• And what are you, Kassandra?

        Hot debate. What do you think? Thumb up 3 Thumb down 12

        Robert Wakeham December 1, 2014 10:42 pm Reply
    • Longshanks, I always understood Doric was from the North East of Scotland.
      Lallans I believe covers the main three Scottish languages/Dialects, Gaelic from the north, Scots and Scots English. I believe their are many variations some related to a town or Island.
      The Government have hijacked Gaelic as the language of Scotland until recently and now have a Scots/Doric curriculum, I stand to be corrected by those who are more knowledgeable.

      Hot debate. What do you think? Thumb up 4 Thumb down 11

      richard December 1, 2014 10:13 pm Reply
  • Actually, I’m not sure that VisitScotland have totally put their foot in it quite as badly as Newsroom’s article suggests. After all what’s the Gaelic for “the English Language”, but “Beurla”, the first meaning of which the dictionary states to be “spoken language” … THE language. It’s an objective fact which I state in a totally neutral way that it is perhaps centuries since the Gaelic-speaking world accepted the reality that within these islands English is the predominant language. And in a comparable way, it is still a common view that Scots is just a dialect form of English rather than a standalone language, although again I don’t offer a position on this. So what’s so wrong with VisitScotland acknowledging reality?

    At Achadh an Droighinn/Auchindrain it is our job to provide an insight into the past and not a commentary on the present, but even within those boundaries we struggle with the issue of language. We meet and greet our visitors in English (or sometimes French, German, Italian, Spanish, Swedish, etc), and we tell the township’s story in English so that it can be understood. But we carefully start by telling everyone that a century ago this language would have been a stranger here, and that everyone thought and spoke in richly-accented Argyll Gaelic.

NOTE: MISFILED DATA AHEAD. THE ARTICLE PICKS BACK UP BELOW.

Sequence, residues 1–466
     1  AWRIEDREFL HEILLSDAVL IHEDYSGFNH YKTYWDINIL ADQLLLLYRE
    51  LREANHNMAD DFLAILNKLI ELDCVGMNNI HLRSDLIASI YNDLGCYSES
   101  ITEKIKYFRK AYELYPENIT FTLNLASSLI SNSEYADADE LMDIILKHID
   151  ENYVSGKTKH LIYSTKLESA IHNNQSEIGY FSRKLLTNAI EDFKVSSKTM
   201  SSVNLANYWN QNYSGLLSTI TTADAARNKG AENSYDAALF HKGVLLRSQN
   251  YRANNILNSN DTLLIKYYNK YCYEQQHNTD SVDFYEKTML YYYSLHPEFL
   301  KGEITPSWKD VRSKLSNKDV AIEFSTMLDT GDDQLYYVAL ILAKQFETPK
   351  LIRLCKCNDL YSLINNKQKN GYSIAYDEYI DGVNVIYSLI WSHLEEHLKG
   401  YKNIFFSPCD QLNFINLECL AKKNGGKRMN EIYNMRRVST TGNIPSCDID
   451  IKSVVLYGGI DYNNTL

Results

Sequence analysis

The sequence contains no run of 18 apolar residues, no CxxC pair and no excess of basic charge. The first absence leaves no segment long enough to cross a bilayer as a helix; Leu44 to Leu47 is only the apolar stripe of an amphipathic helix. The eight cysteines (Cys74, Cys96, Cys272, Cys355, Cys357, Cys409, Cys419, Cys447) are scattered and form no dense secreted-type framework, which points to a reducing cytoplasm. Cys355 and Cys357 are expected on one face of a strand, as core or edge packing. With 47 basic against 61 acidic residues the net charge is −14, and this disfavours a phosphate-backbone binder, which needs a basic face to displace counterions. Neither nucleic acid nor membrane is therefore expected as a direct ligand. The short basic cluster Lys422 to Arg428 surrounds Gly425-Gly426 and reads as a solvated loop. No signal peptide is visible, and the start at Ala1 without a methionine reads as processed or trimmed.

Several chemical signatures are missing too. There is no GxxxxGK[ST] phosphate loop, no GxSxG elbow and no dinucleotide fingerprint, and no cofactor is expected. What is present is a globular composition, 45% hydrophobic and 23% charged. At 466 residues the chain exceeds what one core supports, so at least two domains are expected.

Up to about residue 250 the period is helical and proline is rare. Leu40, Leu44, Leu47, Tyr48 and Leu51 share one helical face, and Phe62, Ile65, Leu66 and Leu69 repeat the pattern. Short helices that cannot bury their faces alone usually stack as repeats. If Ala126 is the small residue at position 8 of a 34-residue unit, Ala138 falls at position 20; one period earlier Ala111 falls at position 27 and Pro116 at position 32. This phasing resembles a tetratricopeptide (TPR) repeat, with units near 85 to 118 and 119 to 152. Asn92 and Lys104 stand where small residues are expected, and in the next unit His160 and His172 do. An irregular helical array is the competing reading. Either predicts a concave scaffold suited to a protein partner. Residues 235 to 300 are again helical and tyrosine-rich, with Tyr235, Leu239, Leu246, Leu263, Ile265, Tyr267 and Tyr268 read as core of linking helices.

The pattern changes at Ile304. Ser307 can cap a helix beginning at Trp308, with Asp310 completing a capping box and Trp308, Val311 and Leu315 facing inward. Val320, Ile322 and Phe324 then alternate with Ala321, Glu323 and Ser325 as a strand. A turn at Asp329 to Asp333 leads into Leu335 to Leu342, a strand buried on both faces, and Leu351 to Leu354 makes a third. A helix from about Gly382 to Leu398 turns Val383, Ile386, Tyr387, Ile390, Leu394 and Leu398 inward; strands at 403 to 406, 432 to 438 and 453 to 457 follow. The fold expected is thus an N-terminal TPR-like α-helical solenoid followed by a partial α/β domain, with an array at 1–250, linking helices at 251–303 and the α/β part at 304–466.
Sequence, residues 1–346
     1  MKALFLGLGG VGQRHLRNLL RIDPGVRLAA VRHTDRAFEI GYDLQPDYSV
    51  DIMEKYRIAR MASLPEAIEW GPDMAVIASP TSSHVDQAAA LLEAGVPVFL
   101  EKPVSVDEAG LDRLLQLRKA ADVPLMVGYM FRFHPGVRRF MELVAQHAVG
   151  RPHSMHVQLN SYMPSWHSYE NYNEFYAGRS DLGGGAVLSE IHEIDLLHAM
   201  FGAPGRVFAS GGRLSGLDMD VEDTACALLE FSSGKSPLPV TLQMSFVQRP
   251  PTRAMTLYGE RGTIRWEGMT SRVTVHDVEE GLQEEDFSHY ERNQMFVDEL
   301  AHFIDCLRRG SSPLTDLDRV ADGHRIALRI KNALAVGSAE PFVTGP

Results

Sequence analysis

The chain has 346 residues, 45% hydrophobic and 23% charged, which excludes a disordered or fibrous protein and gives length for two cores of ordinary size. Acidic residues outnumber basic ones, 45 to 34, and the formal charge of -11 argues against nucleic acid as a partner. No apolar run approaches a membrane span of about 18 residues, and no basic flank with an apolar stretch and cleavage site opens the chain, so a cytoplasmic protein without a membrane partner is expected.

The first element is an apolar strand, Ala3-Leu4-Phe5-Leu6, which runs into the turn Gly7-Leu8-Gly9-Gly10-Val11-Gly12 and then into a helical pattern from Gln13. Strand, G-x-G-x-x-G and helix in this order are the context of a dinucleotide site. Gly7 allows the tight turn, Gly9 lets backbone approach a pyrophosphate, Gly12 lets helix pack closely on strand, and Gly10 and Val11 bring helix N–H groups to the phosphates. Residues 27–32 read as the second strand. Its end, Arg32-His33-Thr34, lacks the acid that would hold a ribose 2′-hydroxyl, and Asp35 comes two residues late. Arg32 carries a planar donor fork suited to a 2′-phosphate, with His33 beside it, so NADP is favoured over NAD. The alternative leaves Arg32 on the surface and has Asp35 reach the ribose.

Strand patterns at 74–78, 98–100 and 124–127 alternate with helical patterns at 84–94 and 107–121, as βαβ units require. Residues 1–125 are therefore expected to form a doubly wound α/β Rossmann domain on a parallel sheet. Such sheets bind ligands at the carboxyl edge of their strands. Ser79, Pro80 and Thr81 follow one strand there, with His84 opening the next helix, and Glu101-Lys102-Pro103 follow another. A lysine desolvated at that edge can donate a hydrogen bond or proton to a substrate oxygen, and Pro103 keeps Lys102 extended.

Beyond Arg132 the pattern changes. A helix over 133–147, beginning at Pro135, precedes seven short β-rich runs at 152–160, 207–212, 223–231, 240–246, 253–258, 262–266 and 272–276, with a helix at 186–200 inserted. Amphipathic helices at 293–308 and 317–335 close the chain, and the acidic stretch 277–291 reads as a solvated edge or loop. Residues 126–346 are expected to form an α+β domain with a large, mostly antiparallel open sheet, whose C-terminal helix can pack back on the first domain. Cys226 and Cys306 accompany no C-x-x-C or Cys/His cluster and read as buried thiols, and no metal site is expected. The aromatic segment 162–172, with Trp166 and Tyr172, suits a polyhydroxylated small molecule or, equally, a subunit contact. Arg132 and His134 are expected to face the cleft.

In the modern world, we are proud to champion an awareness of Gaelic: in our name, and where it adds to the depth of our story by using and explaining key Gaelic words and names. However, whilst there is incontrovertible evidence that the name of the place was historically spoken as “Ach-anDRAYen”, that the ugly modern usage of “Ockin-drain” only emerged when Argyll had lost its language and this township its people and the name was voiced only by monoglot English-speakers who (knowing no better) phonetically rendered it as an English word, the fact remains that we have yet to identify even one historical source document that spells the name out in Gaelic. Up to the 1930s we have all sorts of different spellings appear on maps and in documents – Achandrain, Achendrian, Achandryan … and even at times in the 18th and 19th centuries the English translation “Thornfield”, but never Achadh an Droighinn. So, however much we celebrate the cultural status and importance of Gaelic, we also accept the verdict of historical fact.

    And we are delighted when our Dutch visitors come to us to practise their English.

    Like or Dislike: Thumb up 5 Thumb down 2

    Bob Clark December 1, 2014 11:27 pm Reply
    • It’s only said as Beurla in laziness. The correct way would be Beurla Shasannach.
      Beurla is just language. Travellers Gaelic was known as Beurla Reagaird.